At the 2018 US Championships in Des Moines, the women’s shot shaped up as a battle between Maggie Ewen and Raven Saunders over who would represent the future of the event in this country. Raven came in as the defending US champion with a PB of 19.76m. Maggie, a phenomenally successful NCAA thrower in the shot, disc, and hammer, had stretched her PB out to 19.46m earlier in the season.
I had barely sat down to enjoy the show when a thrower I did not recognize spun her first attempt out past the nineteen-meter line. “Who was that?” I asked the folks sitting around me. “Jessica Ramsey,” came the reply, which did not help. Some frantic Googling revealed that her season’s best the year before had been a whopping 17.76m. The year before that she’d gone 17.74m. Now, suddenly, she was the early leader and a likely medalist at the US Championships with a toss of 19.23m. How in the world, I sat there wondering, did that happen?
Ramsey, it turns out, was a former glider who threw for Ashley Muffet (now Ashley Kovacs–yes, that Ashley Kovacs) at Western Kentucky, then joined John Smith’s group of post-collegiate throwers first in Carbondale, Illinois, and then Oxford, Mississippi where he still resides as the throws coach at Ole Miss.
A two-year tug of war ensued, with Smith trying to convince the 5’6” Ramsey that her future lay in converting to the rotational technique and Ramsey sometimes acquiescing, sometimes pushing back. (I describe those days in more detail in a piece you can find here.)
The huge toss in Des Moines finally settled matters, but afterwards, Ramsey slipped back into a state of semi-anonymity, posting season’s bests of 19.01m in 2019 and 18.64m last season.
She sometimes had trouble with a balky left knee, she struggled to balance a full time job delivering for Insomnia Cookies with the full time training necessary to reach her potential, and looking back Ramsey admits that during the long months of the pandemic she “sometimes lost focus a little.”
But Smith is not one to lose focus, and he was able to secure access to an abandoned sportsplex outside of Oxford where his post-collegiates could continue throwing. There, Ramsey worked endlessly to improve her technique.
Smith also used what was essentially twelve months of off-season training to experiment with set/rep schemes in the weight room in an effort to discern what type of program might bring out the best in each of his throwers when they would need it the most.
In the days leading up to the Trials, I checked results for possible podium contenders, and it was hard to tell based on Ramsey’s season so far, whether or not she was ready to battle for a spot on the team. She produced a huge 19.50m toss indoors in February, but then slipped back into the mid-to-upper eighteen-meter range in all of her outdoor meets.
Was she injured? Struggling with motivation?
“No,” explained Smith. “All spring we were doing hard training, and she still threw over sixty-one feet in every meet, so I was very happy.”
“Hard training” in Smith’s world means–in addition to lifting–lots of non-reverse throws into a net using a variety of implements.
“She lived in the net,” Smith recalls. “We did non-reverse throws with light and heavy shots practice after practice.”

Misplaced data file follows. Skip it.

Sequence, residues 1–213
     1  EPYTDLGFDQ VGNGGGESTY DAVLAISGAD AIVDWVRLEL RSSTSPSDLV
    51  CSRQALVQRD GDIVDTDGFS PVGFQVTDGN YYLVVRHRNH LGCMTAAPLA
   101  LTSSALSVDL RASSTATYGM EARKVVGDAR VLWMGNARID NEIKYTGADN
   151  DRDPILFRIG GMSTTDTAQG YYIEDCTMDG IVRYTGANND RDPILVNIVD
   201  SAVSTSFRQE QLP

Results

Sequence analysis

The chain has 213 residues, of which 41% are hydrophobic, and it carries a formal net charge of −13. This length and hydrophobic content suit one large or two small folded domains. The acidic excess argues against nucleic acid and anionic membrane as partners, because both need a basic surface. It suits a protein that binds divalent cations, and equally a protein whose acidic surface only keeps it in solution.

Those were tough workouts, especially on mornings after Ramsey had worked until 1:00 or 2:00am. But, she persevered.
In March, Smith shared with Ramsey the plan he had drawn up to get her on the podium at the Trials. It reflected his years of experience guiding his wife Connie (now head coach at Ole Miss) and Raven Saunders, whom he mentored to a fifth-place finish in Rio but no longer trains.
“It was a good plan,” Smith said recently. “But, in order for it to work you have to have an athlete that buys in, and she did one hundred percent.”
A vital component of the plan was preparing Ramsey to compete in qualification and final rounds on the same day. Several weeks before the Trials, Smith arranged her workouts so that she threw twice on certain days–once in the morning and again in the evening, as would be the case at the Trials.
At first, Ramsey struggled with that practice pattern. Smith says that for a while, “her numbers were all over the place. Sometimes she’d throw well in the morning, and sometimes at night.”
Eventually, she adapted and was able to consistently produce far throws in both sessions.
She looked great warming up for the qualification round in Eugene, producing a non-reverse throw in the 18.50m range.
“After seeing that,” Smith says, “ I asked ‘Are you sure you don’t want to just non-reverse this and make the final?’ but she said no.”
Instead, Ramsey used her full technique to power her first throw out to 18.82m and then packed it in to prepare for the final.
Smith described her as looking a bit “shaky” warming up that evening, but at some point she launched another 18.50m non-reverse, after which Connie advised her husband to “leave her alone. She knows what she’s doing.”
Ramsey opened with a 19.45m that was very likely to put her on the team, but Smith knew she had more in her. He reminded her that there were several women in the field capable of throwing that far, and admonished her to “keep pushing.”
If Ramsey was feeling any kind of letdown, her friend and former training partner Saunders snapped her out of it by blasting a 19.96m PB in round three.
Once she threw that,” Ramsey recalled afterwards, “I was like ‘That’s what I’m talking about!’ Then I had to zone in.”
She responded to Raven’s challenge by blasting a new Trials record of 20.12m.
“I did not know it was that big a throw,” Ramsey recalled afterwards. “But, they always say the best throws are the ones that don’t feel like they are going far.”
Smith remembers telling Ramsey in March that “we are going to stick to our plan no matter what, and at the end you should have the stuff to make the team.”
They did and she did.
Now it’s time for a new plan. Maybe they’ll call this one “Operation Olympic Gold.”